11 - What kind of writing routine do you tend to keep, or do you even have one? How does a typical day (for you) begin?

I wake up early and I write for two or three hours. Then I go out and do things to pay the mortgage. I come home late at night and read and maybe edit a bit. As long as I can write five or six mornings a week and read for two or three hours a day, I feel that my life is not a waste and belongs to me, not to my employer.

12 - When your writing gets stalled, where do you turn or return for (for lack of a better word) inspiration?

Brian Moore once said that the people who get stalled are people who’ve had to interrupt their writing to do other work. The doubts set in when you’ve been away from writing for a while. As long as it’s part of your daily reality, the words keep flowing. My substitute for inspiration is never to stop writing.

13 - What fairy tale character do you resonate with most?

As a writer, the tortoise in “The Tortoise and the Hare”. As a person, though, I relate to the hare.

14 - David W. McFadden once said that books come from books, but are there any other forms that influence your work, whether nature, music, science or visual art?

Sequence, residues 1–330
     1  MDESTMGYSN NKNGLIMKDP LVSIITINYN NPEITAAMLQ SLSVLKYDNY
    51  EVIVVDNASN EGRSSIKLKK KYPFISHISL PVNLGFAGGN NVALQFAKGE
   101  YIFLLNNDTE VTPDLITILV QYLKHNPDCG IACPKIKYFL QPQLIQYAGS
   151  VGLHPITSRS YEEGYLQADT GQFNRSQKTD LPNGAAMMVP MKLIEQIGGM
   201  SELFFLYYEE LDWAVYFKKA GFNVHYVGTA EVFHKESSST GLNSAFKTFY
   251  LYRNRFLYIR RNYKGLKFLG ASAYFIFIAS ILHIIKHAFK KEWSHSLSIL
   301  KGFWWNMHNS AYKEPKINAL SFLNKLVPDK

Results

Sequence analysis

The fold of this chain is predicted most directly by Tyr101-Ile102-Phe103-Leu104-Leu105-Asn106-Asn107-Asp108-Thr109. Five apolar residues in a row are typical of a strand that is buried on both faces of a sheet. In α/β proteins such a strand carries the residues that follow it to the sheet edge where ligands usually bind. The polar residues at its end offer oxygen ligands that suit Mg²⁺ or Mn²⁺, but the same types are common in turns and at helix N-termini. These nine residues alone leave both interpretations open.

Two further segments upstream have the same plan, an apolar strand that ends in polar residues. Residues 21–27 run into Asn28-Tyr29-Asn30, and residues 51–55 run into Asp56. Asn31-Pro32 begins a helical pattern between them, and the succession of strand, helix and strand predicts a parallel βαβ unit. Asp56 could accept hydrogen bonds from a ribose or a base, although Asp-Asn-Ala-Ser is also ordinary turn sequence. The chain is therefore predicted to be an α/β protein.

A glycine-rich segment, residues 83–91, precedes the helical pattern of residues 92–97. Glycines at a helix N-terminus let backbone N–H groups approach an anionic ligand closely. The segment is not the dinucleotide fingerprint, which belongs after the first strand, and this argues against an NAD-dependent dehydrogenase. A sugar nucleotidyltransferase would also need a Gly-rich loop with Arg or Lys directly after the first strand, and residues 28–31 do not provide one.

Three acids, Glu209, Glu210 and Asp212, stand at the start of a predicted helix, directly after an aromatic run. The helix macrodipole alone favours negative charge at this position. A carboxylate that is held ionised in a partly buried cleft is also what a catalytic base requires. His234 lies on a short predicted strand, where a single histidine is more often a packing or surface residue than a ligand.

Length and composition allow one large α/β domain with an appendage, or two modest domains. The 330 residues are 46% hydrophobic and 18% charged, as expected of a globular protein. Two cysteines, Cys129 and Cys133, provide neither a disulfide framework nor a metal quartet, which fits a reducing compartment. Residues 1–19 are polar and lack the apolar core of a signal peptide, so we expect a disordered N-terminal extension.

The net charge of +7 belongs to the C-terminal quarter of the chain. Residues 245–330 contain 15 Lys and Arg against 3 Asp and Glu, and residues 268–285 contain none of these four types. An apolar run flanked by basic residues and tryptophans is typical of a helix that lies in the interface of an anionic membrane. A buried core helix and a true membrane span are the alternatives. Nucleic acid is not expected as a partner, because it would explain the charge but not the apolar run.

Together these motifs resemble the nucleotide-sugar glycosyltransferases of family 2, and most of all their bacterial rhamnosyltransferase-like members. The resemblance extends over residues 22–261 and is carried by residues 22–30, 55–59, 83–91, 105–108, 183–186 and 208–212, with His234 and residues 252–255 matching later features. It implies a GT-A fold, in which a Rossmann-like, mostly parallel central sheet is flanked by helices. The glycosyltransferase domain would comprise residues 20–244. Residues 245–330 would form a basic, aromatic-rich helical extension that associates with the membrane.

I enjoy music and visual art, but I don’t think they have much influence on my fiction. Nature does, in so far as it’s part of the world I move through, and I often evoke nature in my fiction. I see extended travel, preferably on rather limited means, as an art form that complements and enriches my writing.

15 - What other writers or writings are important for your work, or simply your life outside of your work?

Of course there are far too many to mention. I will say that the novelists of 19th-century Russia, 19th-century France, 20th-century Latin America and, maybe to a slightly lesser extent, early 20th-century Britain, have struck particularly close to my heart because they combine comprehensive portraits of changing societies with moments of startling literary innovation. Shadows of these novels escort me every day, which means that they’re especially present when I’m writing.

16 - What would you like to do that you haven't yet done?